Nourmohammad, Armita, et al. Universality and Predictability in Molecular Quantitative Genetics. arXiv:1309.3312. Posted November 2013, Nourmohammad, and Torsten Held, Princeton University integrative geneticists, and Michael Lassig, University of Colonge biophysicist, convey the present merger of statistical, condensed matter physics with all aspects of life’s evolution, along with the popular trend to report and affirm a universal recurrence of the same phenomena across every domain and instance. The paper is forthcoming in Current Opinion in Genetics and Development. See also among Lassig’s prior papers “From Fitness Landscapes to Seascapes: Non-Equilibrium Dynamics of Selection and Adaptation” with Ville Mustonen in Trends in Genetics (25/3, 2009).

Molecular traits, such as gene expression levels or protein binding affinities, are increasingly accessible to quantitative measurement by modern high-throughput techniques. Such traits measure molecular functions and, from an evolutionary point of view, are important as targets of natural selection. We review recent developments in evolutionary theory and experiments that are expected to become building blocks of a quantitative genetics of molecular traits. We focus on universal evolutionary characteristics: these are largely independent of a trait's genetic basis, which is often at least partially unknown. We show that universal measurements can be used to infer selection on a quantitative trait, which determines its evolutionary mode of conservation or adaptation. Furthermore, universality is closely linked to predictability of trait evolution across lineages. We argue that universal trait statistics extends over a range of cellular scales and opens new avenues of quantitative evolutionary systems biology. (Abstract)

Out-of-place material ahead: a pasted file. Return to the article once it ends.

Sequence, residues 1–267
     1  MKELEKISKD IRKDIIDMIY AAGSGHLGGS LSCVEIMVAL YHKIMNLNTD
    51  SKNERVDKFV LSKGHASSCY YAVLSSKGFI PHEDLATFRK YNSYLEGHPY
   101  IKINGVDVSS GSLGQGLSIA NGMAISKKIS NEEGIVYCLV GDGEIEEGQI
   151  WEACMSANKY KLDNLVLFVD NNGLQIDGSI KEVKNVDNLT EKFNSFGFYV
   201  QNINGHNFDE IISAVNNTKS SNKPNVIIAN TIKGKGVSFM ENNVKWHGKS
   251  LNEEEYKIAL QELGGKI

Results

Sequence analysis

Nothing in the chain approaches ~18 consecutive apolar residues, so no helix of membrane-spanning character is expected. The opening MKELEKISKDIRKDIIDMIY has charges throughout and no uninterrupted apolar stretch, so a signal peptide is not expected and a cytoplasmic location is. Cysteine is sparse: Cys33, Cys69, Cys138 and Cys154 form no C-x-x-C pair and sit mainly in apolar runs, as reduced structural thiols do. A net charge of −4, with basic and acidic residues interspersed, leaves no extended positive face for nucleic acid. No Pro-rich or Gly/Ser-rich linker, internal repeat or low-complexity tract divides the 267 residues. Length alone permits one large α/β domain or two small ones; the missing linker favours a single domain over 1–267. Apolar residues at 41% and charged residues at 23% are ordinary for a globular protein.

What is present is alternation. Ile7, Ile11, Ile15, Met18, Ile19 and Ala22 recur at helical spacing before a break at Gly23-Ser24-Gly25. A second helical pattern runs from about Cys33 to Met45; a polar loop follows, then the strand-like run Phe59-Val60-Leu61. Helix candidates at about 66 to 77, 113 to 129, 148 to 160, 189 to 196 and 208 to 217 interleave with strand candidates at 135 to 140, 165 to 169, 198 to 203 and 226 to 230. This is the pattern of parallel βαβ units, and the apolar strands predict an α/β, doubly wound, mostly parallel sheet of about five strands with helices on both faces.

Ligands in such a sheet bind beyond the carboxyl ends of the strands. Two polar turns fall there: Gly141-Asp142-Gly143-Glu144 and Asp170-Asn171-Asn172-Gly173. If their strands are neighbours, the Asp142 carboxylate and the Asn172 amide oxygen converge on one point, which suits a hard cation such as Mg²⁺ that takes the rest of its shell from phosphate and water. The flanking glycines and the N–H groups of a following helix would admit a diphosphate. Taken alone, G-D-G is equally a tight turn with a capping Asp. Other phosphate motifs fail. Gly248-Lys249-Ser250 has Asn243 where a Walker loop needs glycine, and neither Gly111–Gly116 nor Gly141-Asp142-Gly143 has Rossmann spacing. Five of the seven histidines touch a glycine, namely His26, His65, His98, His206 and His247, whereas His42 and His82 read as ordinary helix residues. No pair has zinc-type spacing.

This article is on universality in molecular evolution. We introduce universality as an emerging statistical property of complex traits, which are encoded by multiple genomic loci. We give examples of experimentally observable universal trait characteristics, and we argue that universality is a key concept for a new quantitative genetics of molecular traits. Three aspects of this concept are discussed in detail. First, universal statistics governs evolutionary modes of conservation and adaptation for quantitative traits, which can be used to infer natural selection that determines these modes. Furthermore, there is a close link between universality and predictability of evolutionary processes. Finally, universality extends to the evolution of higher-level units such as metabolic and regulatory networks, which provides a link between quantitative genetics and systems biology. (1)

In a broad sense, universality means that properties of a large system can become independent of details of its constituent parts. This term has been coined in statistical physics, where it refers to macroscopic properties of large systems that are independent of details at the molecular scale. Universality also arises in evolutionary biology. As in physics, it is a property of systems with a large number of components, and it has strong consequences for experiment and data analysis. (1)

Again, the reason for universality is that changes in one pathway component tend to be buffered by compensatory changes in other components. These compensations can be statistical or systematic, that is, generated by feedback loops in the pathway organization. Universality and predictability of pathway output emerge primarily in complex, higher-level pathways, which have multiple compensatory channels. This suggests the hierarchy of molecular functions is reflected by an evolutionary hierarchy: universality and predictability increase, while stochasticity decreases with increasing level of complexity. (10)